Cuba's Valle de Viñales is encircled by mountains and its landscape is interspersed with dramatic rocky outcrops. The quality of this cultural landscape is enhanced by the architecture of its farms and villages, illustrating the cultural development of the islands of the Caribbean and of Cuba.
Viñales Valley (Valle de Viñales) in the Sierra de los Organos near the western end of the island of Cuba is an outstanding karst landscape encircled by mountains and dotted with spectacular dome-like limestone outcrops (mogotes) that rise nearly 1,000 ft (300 m). The valley is home to an original culture, a synthesis of contributions from indigenous peoples, Spanish conquerors and African slaves who once worked the tobacco plantations.
Colonized at the beginning of the 19th century, the valley has fertile soil and a climate conducive to the development of stock-raising and the cultivation of fodder and food crops. Traditional methods of agriculture have survived largely unchanged on this plain for several centuries, particularly for growing tobacco.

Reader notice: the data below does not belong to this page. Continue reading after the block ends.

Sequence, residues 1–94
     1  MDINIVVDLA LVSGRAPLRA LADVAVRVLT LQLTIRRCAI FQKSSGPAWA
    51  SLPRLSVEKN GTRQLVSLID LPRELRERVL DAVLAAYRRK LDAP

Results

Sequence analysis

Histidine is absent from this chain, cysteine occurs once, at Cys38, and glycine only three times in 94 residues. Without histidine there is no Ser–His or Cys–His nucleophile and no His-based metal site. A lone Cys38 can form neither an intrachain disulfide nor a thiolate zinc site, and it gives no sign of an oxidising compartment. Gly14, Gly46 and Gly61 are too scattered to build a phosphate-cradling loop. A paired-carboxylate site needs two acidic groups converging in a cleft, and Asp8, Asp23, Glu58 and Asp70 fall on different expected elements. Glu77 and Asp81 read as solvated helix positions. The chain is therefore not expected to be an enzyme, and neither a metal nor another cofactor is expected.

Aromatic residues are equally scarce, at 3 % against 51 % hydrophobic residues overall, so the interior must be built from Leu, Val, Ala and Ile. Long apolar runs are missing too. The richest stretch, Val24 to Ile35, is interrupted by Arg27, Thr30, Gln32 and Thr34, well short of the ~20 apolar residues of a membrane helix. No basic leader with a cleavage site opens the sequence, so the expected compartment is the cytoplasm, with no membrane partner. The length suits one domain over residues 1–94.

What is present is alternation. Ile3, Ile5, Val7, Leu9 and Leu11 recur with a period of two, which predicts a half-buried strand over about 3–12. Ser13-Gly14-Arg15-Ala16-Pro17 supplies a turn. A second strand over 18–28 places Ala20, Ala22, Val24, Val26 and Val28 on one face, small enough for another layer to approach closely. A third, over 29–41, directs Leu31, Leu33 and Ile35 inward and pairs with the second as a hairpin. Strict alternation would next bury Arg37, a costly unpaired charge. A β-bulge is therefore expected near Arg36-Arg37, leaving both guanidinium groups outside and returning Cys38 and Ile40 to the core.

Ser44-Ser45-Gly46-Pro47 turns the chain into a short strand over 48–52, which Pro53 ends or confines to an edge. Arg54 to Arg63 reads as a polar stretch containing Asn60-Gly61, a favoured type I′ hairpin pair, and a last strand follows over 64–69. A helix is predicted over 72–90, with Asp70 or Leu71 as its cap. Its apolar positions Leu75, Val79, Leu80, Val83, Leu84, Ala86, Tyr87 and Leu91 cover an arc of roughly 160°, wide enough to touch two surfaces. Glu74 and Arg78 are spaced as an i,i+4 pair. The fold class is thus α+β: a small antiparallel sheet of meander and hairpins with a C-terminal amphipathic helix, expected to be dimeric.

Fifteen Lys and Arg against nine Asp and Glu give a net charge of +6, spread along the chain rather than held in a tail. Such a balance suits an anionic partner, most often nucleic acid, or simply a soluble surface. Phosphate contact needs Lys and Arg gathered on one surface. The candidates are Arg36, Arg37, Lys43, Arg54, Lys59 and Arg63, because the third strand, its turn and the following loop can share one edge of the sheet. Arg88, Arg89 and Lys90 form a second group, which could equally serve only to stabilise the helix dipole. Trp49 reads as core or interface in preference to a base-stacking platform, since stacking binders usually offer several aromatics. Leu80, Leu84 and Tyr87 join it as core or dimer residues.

The quality of this cultural landscape is enhanced by the vernacular architecture of its farms and villages, where a rich multi-cultural society survives, its architecture, crafts and music illustrating the cultural development of Cuba and the islands of the Caribbean.
The village of Viñales, strung out along its main street, has retained its original layout and many interesting examples of colonial architecture, mostly one-story wooden houses with porches. The lush landscape is largely rural in character. Most of the buildings scattered over the plain are simple, built of local and natural materials and used as homes or family farms.
The Viñales Valley is also significant for its cultural associations, particularly its traditional agricultural practices related to growing tobacco. Because mechanical methods of cultivation and harvesting lower the quality of tobacco, time-honored methods such as animal traction are still used.
The Viñales Valley is home to an original culture, a synthesis of contributions from indigenous peoples, Spanish conquerors and African slaves who once worked the tobacco plantations. An excellent illustration is the musical expression of the field worker (veguero), of which Benito Hernández Cabrera (known as the Viñalero) was the main interpreter. Traditional crafts also flourish here.
Cubans identify strongly with the Viñales Valley because of the beauty of the site and its historical and cultural importance. In the visual arts, the valley has been transformed into a symbol of the Caribbean landscape by various artists.
The karst landscape of the Viñales Valley is also part of Viñales National Park. The high authority responsible for management is the Consejo Nacional de Patrimonio Cultural (National Council of Cultural Heritage).